The long run not only builds the stamina for finishing a marathon, it can also help you run faster. After coaching marathoners for more than 30 years, I’ve come to believe that the long run is the essence of a marathon training program. It delivers the exact conditioning need for the task. Longer long runs help you hold your pace longer in the race itself.
Arriving home in December of my freshman year in college, the small but active runner’s gossip line reported that the first Atlanta Marathon would be held in about a week. I had just finished cross country season and had recently run my longest run ever: 15 miles. As a somewhat typical 18-year-old athlete, I knew that I could find a way to get through the last 11 miles. The hilly course looped around Chastain Park 10 times. I felt really good for 15 miles, but by 18, knew that I was in trouble and started to drop out. When I mentioned this thought, the race director pointed to the trophy. I had never won a trophy in a race and that kept me going for another two laps.
By 23 miles I was taking walk breaks for the first time because running more than a half mile made me dizzy. When I passed the director again, I told him that there was nothing he could say to me, to keep me in the race. He looked at his watch and informed me that I was 30 minutes ahead of the second place runner. Male ego, testosterone, and my first race trophy kept me going. But it hurt. And the hurt continued for weeks.
Since that cold day in 1963, I’ve been searching for a better way. In my running schools, retreats and training programs I outline the latest findings and get great feedback. The result: Long runs (up to at least 29 miles) have almost eliminated the pain, lingering recovery and wall hitting among my students—when they pace correctly with sufficient walk breaks from the beginning. The latest information can be found in GALLOWAY TRAINING PROGRAMS & A YEAR ROUND PLAN which are available from www.jeffgalloway.com, autographed.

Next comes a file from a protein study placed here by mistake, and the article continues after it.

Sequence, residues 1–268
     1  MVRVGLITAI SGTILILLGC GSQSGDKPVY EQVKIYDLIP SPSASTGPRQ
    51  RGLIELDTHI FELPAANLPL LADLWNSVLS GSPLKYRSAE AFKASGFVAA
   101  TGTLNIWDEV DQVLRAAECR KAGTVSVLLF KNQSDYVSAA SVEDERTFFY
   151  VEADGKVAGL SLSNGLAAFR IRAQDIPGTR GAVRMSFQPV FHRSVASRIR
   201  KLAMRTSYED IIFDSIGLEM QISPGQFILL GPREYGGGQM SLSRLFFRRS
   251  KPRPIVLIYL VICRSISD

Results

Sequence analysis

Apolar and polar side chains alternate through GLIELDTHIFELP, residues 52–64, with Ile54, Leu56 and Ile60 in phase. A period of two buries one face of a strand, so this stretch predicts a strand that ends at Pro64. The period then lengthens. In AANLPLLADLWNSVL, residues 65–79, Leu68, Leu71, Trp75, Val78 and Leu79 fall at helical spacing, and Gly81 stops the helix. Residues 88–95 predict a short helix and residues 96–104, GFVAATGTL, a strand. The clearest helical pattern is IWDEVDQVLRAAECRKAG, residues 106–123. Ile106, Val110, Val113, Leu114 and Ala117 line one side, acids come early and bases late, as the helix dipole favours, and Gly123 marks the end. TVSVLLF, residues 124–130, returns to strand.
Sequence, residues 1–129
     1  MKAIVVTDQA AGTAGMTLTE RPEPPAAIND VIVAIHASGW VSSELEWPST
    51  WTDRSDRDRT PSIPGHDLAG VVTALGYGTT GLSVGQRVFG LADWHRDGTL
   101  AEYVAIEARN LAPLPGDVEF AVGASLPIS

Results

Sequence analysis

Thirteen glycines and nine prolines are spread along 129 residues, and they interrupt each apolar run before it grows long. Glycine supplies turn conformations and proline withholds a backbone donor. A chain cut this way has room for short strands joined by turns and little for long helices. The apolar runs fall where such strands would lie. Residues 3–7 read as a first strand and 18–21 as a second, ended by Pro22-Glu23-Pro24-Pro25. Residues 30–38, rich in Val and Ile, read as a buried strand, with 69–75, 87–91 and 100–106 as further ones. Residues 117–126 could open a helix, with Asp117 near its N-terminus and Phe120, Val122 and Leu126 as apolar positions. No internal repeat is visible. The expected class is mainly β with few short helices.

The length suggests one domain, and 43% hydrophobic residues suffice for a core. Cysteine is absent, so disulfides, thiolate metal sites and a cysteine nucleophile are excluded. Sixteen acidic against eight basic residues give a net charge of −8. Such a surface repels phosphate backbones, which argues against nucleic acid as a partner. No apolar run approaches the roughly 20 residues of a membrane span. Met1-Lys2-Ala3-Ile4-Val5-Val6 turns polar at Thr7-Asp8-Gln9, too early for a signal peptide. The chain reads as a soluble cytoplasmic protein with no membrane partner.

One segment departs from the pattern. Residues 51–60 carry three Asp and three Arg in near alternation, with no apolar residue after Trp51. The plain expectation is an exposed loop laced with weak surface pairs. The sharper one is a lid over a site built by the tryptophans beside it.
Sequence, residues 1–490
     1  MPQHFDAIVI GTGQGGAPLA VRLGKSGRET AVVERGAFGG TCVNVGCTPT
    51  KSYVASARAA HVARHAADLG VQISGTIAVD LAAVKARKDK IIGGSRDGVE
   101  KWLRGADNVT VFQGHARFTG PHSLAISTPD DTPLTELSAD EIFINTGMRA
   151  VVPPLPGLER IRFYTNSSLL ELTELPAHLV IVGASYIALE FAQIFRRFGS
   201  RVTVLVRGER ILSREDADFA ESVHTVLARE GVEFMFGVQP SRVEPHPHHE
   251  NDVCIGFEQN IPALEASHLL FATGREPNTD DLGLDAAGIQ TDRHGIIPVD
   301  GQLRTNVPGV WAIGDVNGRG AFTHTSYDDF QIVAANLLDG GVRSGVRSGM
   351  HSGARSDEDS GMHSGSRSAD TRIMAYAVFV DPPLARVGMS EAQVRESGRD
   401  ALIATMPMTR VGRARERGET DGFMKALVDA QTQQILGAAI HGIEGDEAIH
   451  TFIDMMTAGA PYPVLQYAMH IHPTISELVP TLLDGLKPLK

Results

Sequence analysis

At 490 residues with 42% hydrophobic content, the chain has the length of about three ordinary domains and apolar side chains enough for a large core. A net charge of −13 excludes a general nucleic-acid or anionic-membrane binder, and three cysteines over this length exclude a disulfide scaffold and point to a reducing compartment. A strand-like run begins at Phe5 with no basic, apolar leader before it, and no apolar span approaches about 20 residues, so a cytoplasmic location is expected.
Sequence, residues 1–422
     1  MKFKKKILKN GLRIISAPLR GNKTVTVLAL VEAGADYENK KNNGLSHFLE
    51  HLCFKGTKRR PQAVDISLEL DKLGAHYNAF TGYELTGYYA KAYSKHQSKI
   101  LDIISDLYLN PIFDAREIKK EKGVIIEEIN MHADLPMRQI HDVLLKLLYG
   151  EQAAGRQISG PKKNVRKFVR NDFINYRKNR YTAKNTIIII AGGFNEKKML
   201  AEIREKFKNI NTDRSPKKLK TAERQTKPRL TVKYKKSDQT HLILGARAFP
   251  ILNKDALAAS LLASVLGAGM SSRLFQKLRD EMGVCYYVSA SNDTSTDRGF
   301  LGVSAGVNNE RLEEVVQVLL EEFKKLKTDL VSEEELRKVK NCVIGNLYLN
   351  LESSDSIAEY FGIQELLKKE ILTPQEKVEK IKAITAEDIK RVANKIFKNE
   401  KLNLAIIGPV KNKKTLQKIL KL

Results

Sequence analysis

In surveys, I’ve found that those who used to run 20 miles (as a longest long run), and bump the distance up to 26 miles, experience an average improvement of over 15 minutes. Going from 26mi to 29 mi bestows an additional 11 minutes, statistically.
More significant is the reduction in mental stress during the last 2 weeks, and right before the marathon. When one has “gone the distance” within 3-4 weeks before the race, your legitimate confidence reduces the anxiety messages from the left brain to almost nothing.
In my next blog I will detail how to set up the long run schedule, how to pace it, and how to adjust pace for heat.
Enjoy every run!